Knowlton’s Rangers was a reconnaissance and espionage detachment of the Continental Army established by George Washington during the Battle of Harlem Heights on 125th Street in Harlem.
Named after its commander, Thomas Knowlton, the unit was formed in 1776.
On August 12, 1776, General of the Army George Washington promoted Knowlton to lieutenant colonel.
He was ordered to select a group of 130 men and 20 officers from Connecticut, Rhode Island, and Massachusetts regiments to carry out reconnaissance missions.
The famous American spy, Captain Nathan Hale, of Coventry, Connecticut, was under the command of Lieutenant Colonel Thomas Knowlton.
Besides providing tactical intelligence, Knowlton’s Rangers, outfitted as a regiment of light infantry, took part in several battles of the American Revolutionary War.
That is why Knowlton’s Rangers are considered the predecessor to modern special forces units such as Army Rangers, Delta Force, and other special operations units.
Battle of Harlem Heights
On September 16, 1776, Knowlton’s Rangers were scouting in advance of Washington’s Army on 125th Street at Harlem Heights, New York.
While reconnoitering the British outposts they were engaged by elements of the light infantry brigade commanded by Major General Alexander Leslie.
The rangers managed a successful retreat and later mounted a counterattack with the support of three companies of Weedon’s Regiment led by Major Andrew Leitch.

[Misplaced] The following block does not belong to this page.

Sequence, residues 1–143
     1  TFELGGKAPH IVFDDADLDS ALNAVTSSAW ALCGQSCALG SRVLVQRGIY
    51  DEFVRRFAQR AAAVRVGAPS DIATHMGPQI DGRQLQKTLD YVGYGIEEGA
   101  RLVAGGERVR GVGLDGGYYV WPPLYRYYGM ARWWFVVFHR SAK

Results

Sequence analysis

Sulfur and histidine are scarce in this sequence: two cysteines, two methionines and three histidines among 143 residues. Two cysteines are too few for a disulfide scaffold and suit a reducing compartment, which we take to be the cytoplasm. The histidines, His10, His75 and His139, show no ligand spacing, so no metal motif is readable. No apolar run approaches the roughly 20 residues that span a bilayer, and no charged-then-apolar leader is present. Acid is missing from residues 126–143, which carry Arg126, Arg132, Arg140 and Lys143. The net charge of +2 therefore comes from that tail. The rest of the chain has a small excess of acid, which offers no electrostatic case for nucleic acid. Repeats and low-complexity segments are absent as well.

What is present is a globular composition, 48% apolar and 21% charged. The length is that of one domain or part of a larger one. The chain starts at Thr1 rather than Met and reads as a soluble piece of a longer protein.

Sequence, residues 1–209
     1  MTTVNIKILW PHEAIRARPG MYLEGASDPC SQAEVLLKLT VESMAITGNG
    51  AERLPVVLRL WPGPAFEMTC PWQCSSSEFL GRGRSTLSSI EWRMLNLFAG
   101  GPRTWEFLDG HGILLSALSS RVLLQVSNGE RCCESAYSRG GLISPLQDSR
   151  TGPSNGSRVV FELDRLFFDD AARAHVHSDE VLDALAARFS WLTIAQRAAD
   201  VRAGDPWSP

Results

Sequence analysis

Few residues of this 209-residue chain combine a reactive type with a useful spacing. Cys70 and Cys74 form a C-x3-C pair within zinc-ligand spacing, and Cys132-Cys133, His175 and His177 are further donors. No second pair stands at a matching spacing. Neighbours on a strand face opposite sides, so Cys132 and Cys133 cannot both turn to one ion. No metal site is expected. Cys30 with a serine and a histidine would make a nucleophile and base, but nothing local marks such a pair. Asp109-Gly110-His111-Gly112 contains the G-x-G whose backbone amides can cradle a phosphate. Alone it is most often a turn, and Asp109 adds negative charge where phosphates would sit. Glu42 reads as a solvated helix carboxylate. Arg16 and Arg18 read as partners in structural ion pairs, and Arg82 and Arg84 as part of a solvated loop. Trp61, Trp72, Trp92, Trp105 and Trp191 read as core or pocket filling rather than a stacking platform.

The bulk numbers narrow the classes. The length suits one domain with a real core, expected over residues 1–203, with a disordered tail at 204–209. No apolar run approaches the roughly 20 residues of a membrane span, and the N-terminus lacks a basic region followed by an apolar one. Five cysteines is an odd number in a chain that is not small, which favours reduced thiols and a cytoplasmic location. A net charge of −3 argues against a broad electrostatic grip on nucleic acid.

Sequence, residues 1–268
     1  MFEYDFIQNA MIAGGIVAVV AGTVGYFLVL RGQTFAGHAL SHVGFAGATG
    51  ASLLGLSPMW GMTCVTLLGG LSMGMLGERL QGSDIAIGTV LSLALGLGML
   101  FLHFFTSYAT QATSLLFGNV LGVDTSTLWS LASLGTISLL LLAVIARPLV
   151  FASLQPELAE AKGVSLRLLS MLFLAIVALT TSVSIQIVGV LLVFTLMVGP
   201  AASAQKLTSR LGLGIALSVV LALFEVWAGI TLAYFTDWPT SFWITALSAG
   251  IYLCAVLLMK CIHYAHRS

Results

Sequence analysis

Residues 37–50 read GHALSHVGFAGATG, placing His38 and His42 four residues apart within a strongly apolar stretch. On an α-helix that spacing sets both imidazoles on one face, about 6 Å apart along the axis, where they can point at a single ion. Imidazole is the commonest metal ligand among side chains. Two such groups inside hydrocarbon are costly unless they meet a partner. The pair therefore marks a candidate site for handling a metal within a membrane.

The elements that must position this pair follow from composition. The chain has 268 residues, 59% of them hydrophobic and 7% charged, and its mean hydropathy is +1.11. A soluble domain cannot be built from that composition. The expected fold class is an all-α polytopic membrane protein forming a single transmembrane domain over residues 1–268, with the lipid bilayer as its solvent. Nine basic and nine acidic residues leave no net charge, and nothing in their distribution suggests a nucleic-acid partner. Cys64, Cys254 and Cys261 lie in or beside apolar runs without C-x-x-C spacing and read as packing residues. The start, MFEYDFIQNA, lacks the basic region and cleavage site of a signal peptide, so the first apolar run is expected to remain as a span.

General Washington ordered Knowlton to fall on the enemy’s rear, while a feint in front engaged the British troops’ attention.
The attacking force turned prematurely and made contact with the British right flank instead, losing the element of surprise. In the face of heavy enemy fire, Knowlton rallied his troops to carry on the attack.
He fell mortally wounded in front of his men; Leitch was also wounded and died in a few days.
Knowlton’s loss was lamented by Washington in his general orders for September 17, 1776, with the statement, “The gallant and brave Col Knowlton, … would have been an Honor to any Country, having fallen yesterday, while gloriously fighting…”.
Captain Stephen Brown succeed Knowlton in command of the unit.
Battle of Fort Washington
Knowlton’s Rangers were a part of Fort Washington’s garrison, defending the last stronghold of the Continental Army in Manhattan.
On November 16, 1776, yielding to prevailing force, American troops surrendered and were taken as prisoners of war.
Knowlton’s Rangers are considered the United States of America’s first organized intelligence service organization, as well as the first American Ranger unit formed after America declared its independence from the United Kingdom.
The date “1776” on the modern U.S. Army’s intelligence service seal refers to the formation of Knowlton’s Rangers.
The Order of Knowlton’s Rangers at the Pennsylvania State University raises awareness about history and traditions of the unit.
Photo credit: Battle of Harlem Heights.
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